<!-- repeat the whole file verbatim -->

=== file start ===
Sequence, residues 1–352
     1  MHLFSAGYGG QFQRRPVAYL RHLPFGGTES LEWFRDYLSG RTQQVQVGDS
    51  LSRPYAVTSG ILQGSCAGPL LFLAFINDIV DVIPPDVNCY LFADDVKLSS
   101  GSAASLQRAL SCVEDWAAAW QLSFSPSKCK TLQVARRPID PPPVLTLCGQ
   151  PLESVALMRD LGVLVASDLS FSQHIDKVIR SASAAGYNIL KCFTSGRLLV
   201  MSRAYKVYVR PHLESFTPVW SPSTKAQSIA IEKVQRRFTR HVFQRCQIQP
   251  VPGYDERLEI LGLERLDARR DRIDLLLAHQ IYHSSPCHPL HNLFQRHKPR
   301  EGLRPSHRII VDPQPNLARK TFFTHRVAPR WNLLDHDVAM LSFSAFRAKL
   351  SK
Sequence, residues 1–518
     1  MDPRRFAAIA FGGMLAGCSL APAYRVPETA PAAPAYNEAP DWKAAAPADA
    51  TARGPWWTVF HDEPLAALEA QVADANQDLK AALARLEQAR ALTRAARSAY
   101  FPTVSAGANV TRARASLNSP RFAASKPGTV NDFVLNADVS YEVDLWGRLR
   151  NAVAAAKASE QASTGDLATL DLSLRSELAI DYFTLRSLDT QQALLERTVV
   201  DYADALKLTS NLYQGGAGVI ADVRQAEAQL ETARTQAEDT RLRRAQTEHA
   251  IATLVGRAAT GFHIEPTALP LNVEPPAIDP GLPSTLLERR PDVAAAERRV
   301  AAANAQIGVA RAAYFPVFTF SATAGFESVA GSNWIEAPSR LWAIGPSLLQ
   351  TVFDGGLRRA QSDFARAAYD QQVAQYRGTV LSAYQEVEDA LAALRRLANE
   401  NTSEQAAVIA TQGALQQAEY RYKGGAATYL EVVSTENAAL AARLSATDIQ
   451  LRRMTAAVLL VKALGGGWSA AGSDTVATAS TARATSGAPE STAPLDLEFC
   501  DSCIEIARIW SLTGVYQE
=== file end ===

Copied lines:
Sequence, residues 1–352
     1  MHLFSAGYGG QFQRRPVAYL RHLPFGGTES LEWFRDYLSG RTQQVQVGDS
    51  LSRPYAVTSG ILQGSCAGPL LFLAFINDIV DVIPPDVNCY LFADDVKLSS
   101  GSAASLQRAL SCVEDWAAAW QLSFSPSKCK TLQVARRPID PPPVLTLCGQ
   151  PLESVALMRD LGVLVASDLS FSQHIDKVIR SASAAGYNIL KCFTSGRLLV
   201  MSRAYKVYVR PHLESFTPVW SPSTKAQSIA IEKVQRRFTR HVFQRCQIQP
   251  VPGYDERLEI LGLERLDARR DRIDLLLAHQ IYHSSPCHPL HNLFQRHKPR
   301  EGLRPSHRII VDPQPNLARK TFFTHRVAPR WNLLDHDVAM LSFSAFRAKL
   351  SK
Sequence, residues 1–518
     1  MDPRRFAAIA FGGMLAGCSL APAYRVPETA PAAPAYNEAP DWKAAAPADA
    51  TARGPWWTVF HDEPLAALEA QVADANQDLK AALARLEQAR ALTRAARSAY
   101  FPTVSAGANV TRARASLNSP RFAASKPGTV NDFVLNADVS YEVDLWGRLR
   151  NAVAAAKASE QASTGDLATL DLSLRSELAI DYFTLRSLDT QQALLERTVV
   201  DYADALKLTS NLYQGGAGVI ADVRQAEAQL ETARTQAEDT RLRRAQTEHA
   251  IATLVGRAAT GFHIEPTALP LNVEPPAIDP GLPSTLLERR PDVAAAERRV
   301  AAANAQIGVA RAAYFPVFTF SATAGFESVA GSNWIEAPSR LWAIGPSLLQ
   351  TVFDGGLRRA QSDFARAAYD QQVAQYRGTV LSAYQEVEDA LAALRRLANE
   401  NTSEQAAVIA TQGALQQAEY RYKGGAATYL EVVSTENAAL AARLSATDIQ
   451  LRRMTAAVLL VKALGGGWSA AGSDTVATAS TARATSGAPE STAPLDLEFC
   501  DSCIEIARIW SLTGVYQE